Contralateral selectivity of upper limb motor pools via targeted stimulation of the cervical spinal cord.
Item Type:Journal Article
Citation:Fleming, N., Taylor, C., Etzelmueller, M., Gill, C., O'Keeffe, C., Mahony, N., Reilly, R., Contralateral selectivity of upper limb motor pools via targeted stimulation of the cervical spinal cord., Biomedicines, 11, 2, 2023
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Transcutaneous spinal cord stimulation (tSCS) at the cervical level may facilitate improved upper-limb function in those with incomplete tetraplegia. While clinical trials are ongoing, there is still much debate regarding the transmission pathway as well as appropriate stimulation parameters. This study aimed to explore the extent to which cervical tSCS can induce mono-synaptic reflexes in discrete upper-limb motor pools and examine the effects of altering stimulus location and intensity. Methods: Fourteen participants with intact nervous systems completed two laboratory visits, during which posterior root-muscle reflexes (PRMRs) were evoked via a 3 × 3 cathode matrix applied over the cervical spine. An incremental recruitment curve at the C7 vertebral level was initially performed to attain resting motor threshold (RMT) in each muscle. Paired pulses (1 ms square monophasic with inter-pulse interval of 50 ms) were subsequently delivered at a frequency of 0.25 Hz at two intensities (RMT and RMT + 20%) across all nine cathode positions. Evoked responses to the 1st (PRMR1) and 2nd (PRMR2) stimuli were recorded in four upper-limb muscles. Results: A significant effect of the spinal level was observed in all muscles for PRMR1, with greater responses being recorded caudally. Contralateral stimulation significantly increased PRMR1 in Biceps Brachii (p < 0.05, F = 4.9, η2 = 0.29), Flexor Carpi Radialis (p < 0.05, F = 4.9, η2 = 0.28) and Abductor Pollicis Brevis (p < 0.01, F = 8.9, η2 = 0.89). Post-activation depression (PAD) was also significantly increased with contralateral stimulation in Biceps Brachii (p = 0.001, F = 9.3, η2 = 0.44), Triceps Brachii (p < 0.05, F = 5.4, η2 = 0.31) and Flexor Carpi Radialis (p < 0.001, F = 17.4, η2 = 0.59). Conclusions: A level of unilateral motor pool selectivity may be attained by altering stimulus intensity and location during cervical tSCS. Optimising these parameters may improve the efficacy of this neuromodulation method in clinical cohorts.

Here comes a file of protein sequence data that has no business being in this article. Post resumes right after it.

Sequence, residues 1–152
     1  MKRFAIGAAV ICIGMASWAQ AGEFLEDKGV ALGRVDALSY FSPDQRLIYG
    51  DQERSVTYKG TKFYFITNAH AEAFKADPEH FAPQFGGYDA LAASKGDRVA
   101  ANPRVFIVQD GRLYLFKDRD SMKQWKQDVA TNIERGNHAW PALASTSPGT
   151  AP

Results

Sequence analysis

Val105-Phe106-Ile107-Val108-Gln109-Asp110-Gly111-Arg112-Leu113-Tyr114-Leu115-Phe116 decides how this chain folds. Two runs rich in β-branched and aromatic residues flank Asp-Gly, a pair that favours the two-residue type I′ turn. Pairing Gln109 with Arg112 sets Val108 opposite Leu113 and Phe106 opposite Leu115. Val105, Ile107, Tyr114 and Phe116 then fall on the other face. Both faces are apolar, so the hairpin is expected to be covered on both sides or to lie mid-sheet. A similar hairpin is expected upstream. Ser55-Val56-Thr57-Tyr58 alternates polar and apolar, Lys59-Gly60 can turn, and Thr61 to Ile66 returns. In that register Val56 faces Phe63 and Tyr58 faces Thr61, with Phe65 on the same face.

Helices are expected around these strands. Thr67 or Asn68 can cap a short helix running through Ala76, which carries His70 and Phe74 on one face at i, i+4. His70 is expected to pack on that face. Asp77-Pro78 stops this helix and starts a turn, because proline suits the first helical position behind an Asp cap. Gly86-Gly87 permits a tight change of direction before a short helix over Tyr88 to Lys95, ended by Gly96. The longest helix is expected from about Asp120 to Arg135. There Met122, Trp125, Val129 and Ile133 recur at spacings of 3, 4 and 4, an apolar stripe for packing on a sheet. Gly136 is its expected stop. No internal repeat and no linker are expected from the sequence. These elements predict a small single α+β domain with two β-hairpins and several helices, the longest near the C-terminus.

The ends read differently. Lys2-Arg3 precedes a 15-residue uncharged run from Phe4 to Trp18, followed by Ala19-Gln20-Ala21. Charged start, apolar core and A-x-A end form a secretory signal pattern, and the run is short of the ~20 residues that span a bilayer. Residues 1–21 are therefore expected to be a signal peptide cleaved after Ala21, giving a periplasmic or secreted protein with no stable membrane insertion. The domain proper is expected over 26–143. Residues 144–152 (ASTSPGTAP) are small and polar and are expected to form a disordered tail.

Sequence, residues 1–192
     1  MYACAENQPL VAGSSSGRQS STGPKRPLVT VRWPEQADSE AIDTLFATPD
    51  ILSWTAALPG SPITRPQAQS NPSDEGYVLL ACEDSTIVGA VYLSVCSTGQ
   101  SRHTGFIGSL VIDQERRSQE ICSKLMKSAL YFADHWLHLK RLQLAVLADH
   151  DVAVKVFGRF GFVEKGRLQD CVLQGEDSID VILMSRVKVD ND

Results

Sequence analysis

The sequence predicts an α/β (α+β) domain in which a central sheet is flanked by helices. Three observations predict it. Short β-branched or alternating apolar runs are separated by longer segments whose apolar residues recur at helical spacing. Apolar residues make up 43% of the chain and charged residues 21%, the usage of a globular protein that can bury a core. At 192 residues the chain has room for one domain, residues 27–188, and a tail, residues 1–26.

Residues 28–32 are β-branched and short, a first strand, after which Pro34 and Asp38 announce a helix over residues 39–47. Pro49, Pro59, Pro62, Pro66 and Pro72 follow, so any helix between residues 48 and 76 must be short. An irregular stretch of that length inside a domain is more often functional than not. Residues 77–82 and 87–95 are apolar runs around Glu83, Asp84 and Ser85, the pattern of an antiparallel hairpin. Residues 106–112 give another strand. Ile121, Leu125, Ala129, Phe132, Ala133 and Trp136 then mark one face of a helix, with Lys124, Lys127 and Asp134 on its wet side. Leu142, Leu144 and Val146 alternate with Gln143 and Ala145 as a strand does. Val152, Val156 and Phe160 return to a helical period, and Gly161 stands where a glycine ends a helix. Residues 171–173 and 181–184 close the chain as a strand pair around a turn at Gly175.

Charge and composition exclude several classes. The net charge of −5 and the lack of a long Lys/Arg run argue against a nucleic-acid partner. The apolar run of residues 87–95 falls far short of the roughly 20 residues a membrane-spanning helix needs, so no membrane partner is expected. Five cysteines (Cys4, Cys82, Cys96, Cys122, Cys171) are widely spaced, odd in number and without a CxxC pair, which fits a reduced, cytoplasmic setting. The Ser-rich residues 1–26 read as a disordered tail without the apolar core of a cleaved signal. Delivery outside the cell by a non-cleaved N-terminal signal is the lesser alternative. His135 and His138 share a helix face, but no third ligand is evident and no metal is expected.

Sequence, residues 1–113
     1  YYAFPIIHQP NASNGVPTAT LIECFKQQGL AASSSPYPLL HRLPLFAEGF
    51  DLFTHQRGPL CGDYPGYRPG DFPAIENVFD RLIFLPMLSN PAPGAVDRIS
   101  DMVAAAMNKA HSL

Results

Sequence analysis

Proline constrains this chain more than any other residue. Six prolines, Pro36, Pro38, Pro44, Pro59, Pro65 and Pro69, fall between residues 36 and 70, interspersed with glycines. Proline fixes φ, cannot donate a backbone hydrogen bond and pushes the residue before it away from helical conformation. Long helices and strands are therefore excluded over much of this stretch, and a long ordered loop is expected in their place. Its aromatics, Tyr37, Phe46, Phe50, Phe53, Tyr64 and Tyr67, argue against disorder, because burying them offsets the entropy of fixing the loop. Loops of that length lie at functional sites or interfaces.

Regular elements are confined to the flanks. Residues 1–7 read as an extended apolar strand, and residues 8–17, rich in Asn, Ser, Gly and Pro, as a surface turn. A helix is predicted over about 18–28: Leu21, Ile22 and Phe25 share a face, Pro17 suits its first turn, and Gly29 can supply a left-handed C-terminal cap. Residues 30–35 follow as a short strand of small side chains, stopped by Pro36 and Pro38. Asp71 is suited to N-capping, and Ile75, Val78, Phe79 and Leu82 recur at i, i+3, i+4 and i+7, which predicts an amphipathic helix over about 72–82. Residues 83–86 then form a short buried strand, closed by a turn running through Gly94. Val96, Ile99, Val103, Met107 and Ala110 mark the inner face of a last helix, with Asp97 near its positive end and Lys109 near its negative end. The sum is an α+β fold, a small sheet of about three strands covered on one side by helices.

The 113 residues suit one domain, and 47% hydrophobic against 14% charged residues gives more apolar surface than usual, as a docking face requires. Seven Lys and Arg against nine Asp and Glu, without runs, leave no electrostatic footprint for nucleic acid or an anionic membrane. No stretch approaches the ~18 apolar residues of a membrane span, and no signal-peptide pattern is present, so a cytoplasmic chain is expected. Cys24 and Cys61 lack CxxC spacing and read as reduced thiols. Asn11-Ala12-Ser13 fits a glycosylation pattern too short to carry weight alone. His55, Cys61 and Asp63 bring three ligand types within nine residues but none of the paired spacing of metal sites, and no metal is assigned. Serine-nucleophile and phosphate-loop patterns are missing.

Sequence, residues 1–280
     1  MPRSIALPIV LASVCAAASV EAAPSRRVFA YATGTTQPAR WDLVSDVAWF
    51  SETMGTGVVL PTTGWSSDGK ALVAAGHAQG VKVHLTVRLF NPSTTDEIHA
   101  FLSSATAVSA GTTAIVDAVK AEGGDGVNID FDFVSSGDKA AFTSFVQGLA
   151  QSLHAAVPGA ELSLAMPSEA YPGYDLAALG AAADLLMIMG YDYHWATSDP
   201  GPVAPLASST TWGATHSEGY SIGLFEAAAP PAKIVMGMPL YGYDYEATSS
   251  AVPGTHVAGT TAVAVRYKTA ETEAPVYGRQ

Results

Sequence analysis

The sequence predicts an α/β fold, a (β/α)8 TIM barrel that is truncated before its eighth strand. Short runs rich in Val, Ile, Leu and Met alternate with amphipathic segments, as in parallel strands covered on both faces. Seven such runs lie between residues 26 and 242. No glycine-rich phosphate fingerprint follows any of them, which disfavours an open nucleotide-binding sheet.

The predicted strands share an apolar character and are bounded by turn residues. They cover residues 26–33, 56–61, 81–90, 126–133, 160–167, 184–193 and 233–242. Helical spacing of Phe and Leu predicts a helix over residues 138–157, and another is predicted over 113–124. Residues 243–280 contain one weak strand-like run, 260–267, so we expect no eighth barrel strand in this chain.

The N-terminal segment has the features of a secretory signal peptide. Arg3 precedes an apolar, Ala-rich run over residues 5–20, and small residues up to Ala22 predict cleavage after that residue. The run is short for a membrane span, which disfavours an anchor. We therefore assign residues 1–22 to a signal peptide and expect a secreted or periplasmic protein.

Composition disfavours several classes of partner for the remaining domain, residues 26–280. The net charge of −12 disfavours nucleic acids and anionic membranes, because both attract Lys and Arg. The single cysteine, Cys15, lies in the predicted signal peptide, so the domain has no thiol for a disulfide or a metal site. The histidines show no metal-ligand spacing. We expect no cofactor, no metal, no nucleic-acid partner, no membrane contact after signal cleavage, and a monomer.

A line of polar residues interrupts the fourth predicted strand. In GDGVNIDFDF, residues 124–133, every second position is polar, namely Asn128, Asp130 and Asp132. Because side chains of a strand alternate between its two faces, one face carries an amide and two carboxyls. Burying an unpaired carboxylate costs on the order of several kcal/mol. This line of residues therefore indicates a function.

Author: Fleming, Neil
Type of material:Journal Article
Availability:Full text available
Keywords:Cervical spine, Spinal cord injury, tSCS, Transcutaneous spinal cord stimulation, Upper limb